# Logarithmic Derivatives

• William Cherry
• Zhuan Ye
Chapter
Part of the Springer Monographs in Mathematics book series (SMM)

## Abstract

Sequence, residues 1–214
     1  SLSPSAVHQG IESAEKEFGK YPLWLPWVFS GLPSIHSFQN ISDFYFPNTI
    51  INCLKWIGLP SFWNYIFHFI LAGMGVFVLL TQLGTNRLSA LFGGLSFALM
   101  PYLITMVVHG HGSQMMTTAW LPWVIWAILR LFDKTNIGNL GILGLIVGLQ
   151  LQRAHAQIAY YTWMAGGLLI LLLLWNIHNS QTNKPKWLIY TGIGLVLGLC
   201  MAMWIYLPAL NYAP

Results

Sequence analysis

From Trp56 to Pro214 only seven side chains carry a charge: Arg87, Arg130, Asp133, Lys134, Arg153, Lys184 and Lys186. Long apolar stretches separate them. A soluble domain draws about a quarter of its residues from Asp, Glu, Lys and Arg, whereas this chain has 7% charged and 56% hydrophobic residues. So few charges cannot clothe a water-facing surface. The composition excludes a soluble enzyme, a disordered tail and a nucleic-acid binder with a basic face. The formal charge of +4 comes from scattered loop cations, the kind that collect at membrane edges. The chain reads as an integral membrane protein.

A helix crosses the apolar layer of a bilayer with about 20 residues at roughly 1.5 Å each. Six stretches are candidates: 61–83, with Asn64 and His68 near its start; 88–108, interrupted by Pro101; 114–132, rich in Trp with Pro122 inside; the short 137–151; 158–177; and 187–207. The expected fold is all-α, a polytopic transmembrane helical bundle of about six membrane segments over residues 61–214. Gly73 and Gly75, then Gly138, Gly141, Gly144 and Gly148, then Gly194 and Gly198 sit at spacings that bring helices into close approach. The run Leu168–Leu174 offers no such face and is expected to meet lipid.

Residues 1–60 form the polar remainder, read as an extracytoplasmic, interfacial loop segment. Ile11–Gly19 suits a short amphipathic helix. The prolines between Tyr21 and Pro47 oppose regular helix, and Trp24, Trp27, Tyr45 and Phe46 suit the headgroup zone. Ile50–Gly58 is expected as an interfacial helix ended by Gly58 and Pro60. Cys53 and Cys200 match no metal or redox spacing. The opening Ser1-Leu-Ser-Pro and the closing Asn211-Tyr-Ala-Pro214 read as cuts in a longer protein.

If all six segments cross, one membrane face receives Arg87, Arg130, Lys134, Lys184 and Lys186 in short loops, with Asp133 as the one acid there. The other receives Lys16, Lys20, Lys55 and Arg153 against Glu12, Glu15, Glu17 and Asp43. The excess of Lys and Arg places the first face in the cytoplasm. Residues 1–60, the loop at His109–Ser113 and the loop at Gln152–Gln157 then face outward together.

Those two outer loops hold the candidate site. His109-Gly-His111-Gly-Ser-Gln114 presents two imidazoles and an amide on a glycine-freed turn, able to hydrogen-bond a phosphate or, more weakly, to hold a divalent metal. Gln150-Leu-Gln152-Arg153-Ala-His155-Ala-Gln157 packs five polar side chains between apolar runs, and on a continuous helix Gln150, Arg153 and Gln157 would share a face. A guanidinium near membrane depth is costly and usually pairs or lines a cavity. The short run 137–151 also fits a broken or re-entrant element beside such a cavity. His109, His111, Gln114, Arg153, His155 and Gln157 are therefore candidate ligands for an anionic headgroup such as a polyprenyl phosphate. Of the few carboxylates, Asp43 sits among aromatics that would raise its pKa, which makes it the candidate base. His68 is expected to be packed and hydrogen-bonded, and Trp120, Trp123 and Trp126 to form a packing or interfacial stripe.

For obvious reasons, a meromorphic function g is said to be a logarithmic derivative if $$g\frac{{f'}}{f}$$ for some meromorphic function f. Not any meromorphic function can be expressed as a logarithmic derivative, and thus one might ask what special properties functions which are logarithmic derivatives posses. For example, if g = f′/ f is a logarithmic derivative, then all the poles of g must be simple poles. In terms of what to expect from a value distribution point of view, we again look at polynomials for a clue. If P is a polynomial, then P′ has degree smaller than P, and so P′/P stays small as z goes to infinity. Of course, one cannot expect exactly this behavior in general. For example, if $$f = {e^{{z^2}}}$$, then f′/ f = 2z, and so |f′/f| → ∞ as |z| → ∞. However, we see here that the rate at which log |f′/f| approaches infinity is very slow by comparison to T(f, r). The main result of this chapter is what is known as the Lemma on the Logarithhmic Derivative (Theorem 3.4.1), which essentially says that if f is a meromorphic function, then the integral means of log+ | f′/f| over large circles cannot approach infinity quickly compared with the rate at which T (f, r) tends to infinity.